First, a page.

The Salt Lake City Trappers were slumping and Trapper Tommy Boyce knew it, The Deseret News wrote.
Boyce also believed he knew why, and that it might get worse. The reason it might get worse was the absence of teammate Kerry Shaw.
"We've got a lot of injuries," Boyce told The News in August 1988. "We lost Kerry Shaw yesterday, who I think is one of the better hitters in the league, if not the best."
Shaw ultimately got into 54 games that year for independent Salt Lake, but hit .353. Shaw also earned a contract with the Giants. Shaw, though, couldn't turn his success there into a successful career in affiliated ball. He played in just four pro seasons, never making it above high-A.
Shaw's professional career began that year in 1988, signed by independent Salt Lake out of college.
With Salt Lake, Shaw also scored 54 runs in his 54 games. Before his own injury, Shaw helped make up for another one, getting three hits in a Trappers win, The News wrote.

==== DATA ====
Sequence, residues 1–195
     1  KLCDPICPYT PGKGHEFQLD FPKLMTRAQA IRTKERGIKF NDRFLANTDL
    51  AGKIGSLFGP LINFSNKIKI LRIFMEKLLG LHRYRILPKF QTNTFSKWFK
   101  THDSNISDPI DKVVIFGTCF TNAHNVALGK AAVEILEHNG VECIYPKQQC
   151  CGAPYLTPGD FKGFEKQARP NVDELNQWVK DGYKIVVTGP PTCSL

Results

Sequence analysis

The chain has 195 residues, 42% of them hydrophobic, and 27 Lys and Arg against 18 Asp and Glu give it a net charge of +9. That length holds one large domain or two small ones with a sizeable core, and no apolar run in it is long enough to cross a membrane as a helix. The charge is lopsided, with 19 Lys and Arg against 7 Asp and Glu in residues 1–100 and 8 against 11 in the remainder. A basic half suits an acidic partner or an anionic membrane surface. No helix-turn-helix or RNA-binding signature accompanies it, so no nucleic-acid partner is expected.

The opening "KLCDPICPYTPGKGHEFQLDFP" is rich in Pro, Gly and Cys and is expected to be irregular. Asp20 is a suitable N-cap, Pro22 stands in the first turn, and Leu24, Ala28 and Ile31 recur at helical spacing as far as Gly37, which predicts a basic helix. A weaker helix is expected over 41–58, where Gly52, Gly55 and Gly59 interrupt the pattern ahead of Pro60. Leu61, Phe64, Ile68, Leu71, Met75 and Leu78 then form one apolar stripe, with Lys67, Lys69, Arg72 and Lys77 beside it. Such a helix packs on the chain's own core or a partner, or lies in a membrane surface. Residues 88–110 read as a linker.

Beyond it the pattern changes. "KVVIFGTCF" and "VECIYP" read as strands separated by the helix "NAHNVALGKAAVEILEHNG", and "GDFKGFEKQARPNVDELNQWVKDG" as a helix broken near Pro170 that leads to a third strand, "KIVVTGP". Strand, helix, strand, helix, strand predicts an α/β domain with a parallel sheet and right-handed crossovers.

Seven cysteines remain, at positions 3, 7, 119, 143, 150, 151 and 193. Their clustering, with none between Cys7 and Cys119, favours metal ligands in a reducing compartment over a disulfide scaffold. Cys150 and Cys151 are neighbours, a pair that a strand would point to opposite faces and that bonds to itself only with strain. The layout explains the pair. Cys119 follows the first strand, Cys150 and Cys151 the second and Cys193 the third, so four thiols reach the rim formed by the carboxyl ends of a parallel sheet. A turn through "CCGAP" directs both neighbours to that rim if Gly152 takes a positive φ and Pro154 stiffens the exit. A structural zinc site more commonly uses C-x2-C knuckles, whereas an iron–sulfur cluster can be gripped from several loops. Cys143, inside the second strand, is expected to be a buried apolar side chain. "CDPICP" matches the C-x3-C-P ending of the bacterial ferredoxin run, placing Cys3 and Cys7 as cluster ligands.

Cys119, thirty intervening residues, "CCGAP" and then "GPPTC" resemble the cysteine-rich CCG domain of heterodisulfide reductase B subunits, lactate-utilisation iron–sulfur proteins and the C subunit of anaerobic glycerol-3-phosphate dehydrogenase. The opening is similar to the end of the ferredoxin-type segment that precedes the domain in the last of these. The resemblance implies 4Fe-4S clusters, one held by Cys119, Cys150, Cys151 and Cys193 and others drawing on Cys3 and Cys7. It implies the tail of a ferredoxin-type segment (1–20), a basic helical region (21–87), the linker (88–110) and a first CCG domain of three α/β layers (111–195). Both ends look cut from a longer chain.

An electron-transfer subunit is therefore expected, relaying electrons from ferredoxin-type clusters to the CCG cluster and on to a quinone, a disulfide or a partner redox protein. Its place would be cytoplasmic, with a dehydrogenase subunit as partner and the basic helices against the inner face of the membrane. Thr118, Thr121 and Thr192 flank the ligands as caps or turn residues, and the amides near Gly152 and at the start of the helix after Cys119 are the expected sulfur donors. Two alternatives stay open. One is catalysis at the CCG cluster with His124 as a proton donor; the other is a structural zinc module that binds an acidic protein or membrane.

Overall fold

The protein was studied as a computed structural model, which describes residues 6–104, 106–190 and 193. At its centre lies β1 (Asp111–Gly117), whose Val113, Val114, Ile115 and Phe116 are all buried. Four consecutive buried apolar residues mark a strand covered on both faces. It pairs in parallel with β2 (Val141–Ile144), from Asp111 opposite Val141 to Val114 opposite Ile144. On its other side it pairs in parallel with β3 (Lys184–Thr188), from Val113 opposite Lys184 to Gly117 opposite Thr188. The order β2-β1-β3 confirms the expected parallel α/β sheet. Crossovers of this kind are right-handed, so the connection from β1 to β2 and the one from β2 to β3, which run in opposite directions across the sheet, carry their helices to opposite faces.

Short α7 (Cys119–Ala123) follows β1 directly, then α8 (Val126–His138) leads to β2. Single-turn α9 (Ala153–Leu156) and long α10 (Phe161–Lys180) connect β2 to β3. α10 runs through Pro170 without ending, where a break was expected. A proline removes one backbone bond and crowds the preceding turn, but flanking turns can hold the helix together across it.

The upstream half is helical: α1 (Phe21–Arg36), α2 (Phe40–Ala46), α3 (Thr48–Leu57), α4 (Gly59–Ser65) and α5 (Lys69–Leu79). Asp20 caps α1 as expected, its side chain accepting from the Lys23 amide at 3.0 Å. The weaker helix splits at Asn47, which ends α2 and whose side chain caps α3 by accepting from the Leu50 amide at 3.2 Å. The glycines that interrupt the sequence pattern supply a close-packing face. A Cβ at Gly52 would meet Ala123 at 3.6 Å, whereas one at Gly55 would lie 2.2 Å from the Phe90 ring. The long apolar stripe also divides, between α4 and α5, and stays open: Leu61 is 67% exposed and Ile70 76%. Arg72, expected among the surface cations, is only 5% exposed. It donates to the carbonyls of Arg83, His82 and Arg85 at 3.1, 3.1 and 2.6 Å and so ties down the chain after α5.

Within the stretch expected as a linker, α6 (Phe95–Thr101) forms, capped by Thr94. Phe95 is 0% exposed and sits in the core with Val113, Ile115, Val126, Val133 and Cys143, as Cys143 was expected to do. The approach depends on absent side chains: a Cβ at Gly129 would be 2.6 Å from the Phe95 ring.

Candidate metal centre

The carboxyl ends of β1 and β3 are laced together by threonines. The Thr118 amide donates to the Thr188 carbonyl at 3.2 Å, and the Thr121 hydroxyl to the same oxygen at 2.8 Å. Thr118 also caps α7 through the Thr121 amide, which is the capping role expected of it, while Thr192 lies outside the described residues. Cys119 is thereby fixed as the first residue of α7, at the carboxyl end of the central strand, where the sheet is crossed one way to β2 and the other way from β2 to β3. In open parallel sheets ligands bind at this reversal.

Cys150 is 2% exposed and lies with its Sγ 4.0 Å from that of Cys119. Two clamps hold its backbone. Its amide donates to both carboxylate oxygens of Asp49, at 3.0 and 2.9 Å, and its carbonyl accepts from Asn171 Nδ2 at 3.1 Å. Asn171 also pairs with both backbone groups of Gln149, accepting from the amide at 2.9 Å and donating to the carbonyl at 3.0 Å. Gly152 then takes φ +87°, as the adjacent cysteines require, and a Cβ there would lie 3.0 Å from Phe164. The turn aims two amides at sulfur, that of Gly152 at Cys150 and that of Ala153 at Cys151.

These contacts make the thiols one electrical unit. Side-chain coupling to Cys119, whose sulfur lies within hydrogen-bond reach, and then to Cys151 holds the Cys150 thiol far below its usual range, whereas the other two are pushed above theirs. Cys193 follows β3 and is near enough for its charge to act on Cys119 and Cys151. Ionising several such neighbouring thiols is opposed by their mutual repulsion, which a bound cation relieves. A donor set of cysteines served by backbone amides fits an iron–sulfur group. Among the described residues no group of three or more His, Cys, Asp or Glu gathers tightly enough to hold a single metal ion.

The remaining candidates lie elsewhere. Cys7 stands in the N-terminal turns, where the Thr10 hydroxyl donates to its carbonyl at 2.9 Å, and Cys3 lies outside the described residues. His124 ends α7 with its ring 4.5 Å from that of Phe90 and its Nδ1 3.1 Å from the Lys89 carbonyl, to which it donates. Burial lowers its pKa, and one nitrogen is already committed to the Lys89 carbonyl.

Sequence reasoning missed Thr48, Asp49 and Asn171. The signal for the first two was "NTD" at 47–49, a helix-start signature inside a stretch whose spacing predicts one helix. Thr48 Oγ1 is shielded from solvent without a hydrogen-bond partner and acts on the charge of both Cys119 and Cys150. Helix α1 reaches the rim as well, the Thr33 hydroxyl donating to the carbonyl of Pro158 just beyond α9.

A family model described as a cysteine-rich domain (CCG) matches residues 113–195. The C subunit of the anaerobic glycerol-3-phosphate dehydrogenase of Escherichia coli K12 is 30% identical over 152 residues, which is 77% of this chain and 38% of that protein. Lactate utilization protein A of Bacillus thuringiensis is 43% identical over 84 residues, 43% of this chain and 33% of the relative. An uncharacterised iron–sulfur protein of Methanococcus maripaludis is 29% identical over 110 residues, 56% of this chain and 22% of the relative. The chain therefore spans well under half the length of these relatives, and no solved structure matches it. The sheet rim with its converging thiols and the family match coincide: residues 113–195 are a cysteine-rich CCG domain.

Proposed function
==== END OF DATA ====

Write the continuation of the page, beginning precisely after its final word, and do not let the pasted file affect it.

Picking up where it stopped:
"I'm just seeing the ball good. It just happens," Shaw explained to The News of his night, then referencing an injury to a teammate. "You have to live with it."
He then moved to independent Salinas, of the California League. There, he hit .241 in 128 games. He also scored 54 runs that year, though in more than twice the number of games.
For 1990, Shaw was with the Giants, playing at high-A San Jose. At San Jose, he hit .223 in 83 games, scoring 25 runs, ending his brief career in the Giants' organization.
Shaw returned to Salt Lake City for 1991, getting into 23 final games, hitting .301. In one August game, he picked up three singles.
Shaw didn't return to the Trappers until July, when he came back for an Old-Timers' game. The Giants didn't keep him and he couldn't find a spot elsewhere, The News wrote. He ended up re-signing with the team. It was his last run at the pros.
- Deseret News, July 24, 1988: Traps down Blue Jays but lose Karczewski
- Deseret News, Aug. 18, 1988: Ehmig lets bat do talking in Trapper win
- Deseret News, July 31, 1991: Old-timers' game lands Shaw a job at 3rd base